Poll: Washington Driver Speed Connected to Household Income

July 2, 2007

Washington drivers who earn a household income of more than $75,000 are more likely than their counterparts to speed and talk on a cell phone, according to data from a poll conducted by PEMCO Insurance Northwest.

“The poll data indicates that there is a correlation between income and driving behavior,” said PEMCO spokesman Jon Osterberg. “Wealthy drivers are taking more safety risks when driving compared to their counterparts.”

The poll results revealed that drivers with higher incomes say not only do they speed, but they also think talking on a cell phone while driving should be legal regardless of whether or not a hands-free device is used.

Earlier this year, Gov. Christine Gregoire signed a law that makes it illegal, as a secondary offense, for Washington drivers to talk on a cell phone without a hands-free device. The law will go into effect in 2008. Some proponents say the law does not go far enough to protect drivers.

The good news, however, is that drivers reported an eight percent decrease in the frequency with which they speed since 2005. The poll asked drivers how often they find themselves driving faster than the posted speed limit. In 2005, 20 percent of drivers reported speeding “often” compared to only 12 percent in 2007.

“While some drivers go faster than others, the general consensus was that people say they’re less likely to speed compared to our results from 2005,” Osterberg said.

Poll data revealed drivers who are more likely than their counterparts to speed are male, under 55 years old, have at least one child at home, and earn at least $75,000 in household income.

Data from the poll also showed drivers least likely to speed are females over the age of 55 who have no children and earn a household income of under $75,000.

“Interestingly, single drivers without children are least likely to speed,” Osterberg said. “You might expect that drivers with children would take it easy on the roads and obey the speed limit, helping to ensure they’ll be around to raise their kids.”

Similar to the 2005 data, this year’s poll revealed that about half of Washington drivers admitted to speeding. Of those who break the law, about three-quarters said they do so to keep up with the flow of traffic.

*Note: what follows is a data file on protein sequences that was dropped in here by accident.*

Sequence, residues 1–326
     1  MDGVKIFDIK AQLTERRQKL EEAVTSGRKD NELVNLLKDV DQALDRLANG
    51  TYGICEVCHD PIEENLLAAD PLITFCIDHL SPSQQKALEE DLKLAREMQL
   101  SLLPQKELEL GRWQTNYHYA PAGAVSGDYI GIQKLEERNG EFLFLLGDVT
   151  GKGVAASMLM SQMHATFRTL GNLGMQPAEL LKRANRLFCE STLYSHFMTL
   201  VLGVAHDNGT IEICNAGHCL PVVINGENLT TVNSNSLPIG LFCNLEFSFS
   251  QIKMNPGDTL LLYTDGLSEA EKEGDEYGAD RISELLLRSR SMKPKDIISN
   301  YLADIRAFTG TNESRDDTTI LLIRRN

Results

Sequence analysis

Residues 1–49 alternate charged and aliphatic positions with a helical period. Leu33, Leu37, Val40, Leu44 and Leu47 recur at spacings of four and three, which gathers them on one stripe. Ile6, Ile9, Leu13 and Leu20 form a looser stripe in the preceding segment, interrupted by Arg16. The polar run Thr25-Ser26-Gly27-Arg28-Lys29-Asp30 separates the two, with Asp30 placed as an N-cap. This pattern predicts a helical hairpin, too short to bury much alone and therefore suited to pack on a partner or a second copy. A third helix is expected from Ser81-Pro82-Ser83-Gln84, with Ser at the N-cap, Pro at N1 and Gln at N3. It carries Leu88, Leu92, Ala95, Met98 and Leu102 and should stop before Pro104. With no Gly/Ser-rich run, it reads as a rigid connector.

“We’ve seen changes in Washington state in the past two years that might contribute to drivers slowing down,” Osterberg said. “Higher gas prices, growing roadway congestion, or increased drivers education and enforcement programs could all play a role.”

According to the Federal Trade Commission, the faster one drives, the more fuel is used. To reach optimal fuel efficiency, drivers must maintain a speed of 55 miles per hour. Once acceleration exceeds 55 mph, fuel efficiency diminishes.

A growing population in and around Washington’s urban areas means more cars and more drivers on the road. Based on increased traffic congestion, and coupled with high gas prices, drivers may be opting to — or forced to — slow down.

“Opportunity breeds temptation, and if drivers don’t have either, they simply can’t speed,” Osterberg noted.

Since 2005, Washington has launched new initiatives to get drivers to slow down. In 2005, the Washington Traffic Safety Commission started a pilot program called Ticketing Aggressive Cars and Trucks (TACT), which aims to increase awareness and reduce collisions between commuter cars and large commercial vehicles.

According to 2006 data from the Washington Traffic Safety Commission, speeding violations were reduced significantly at target intervention sites, between 23 percent and 46 percent.

To view the survey results, visit www.pemco.com/.

Source: PEMCO

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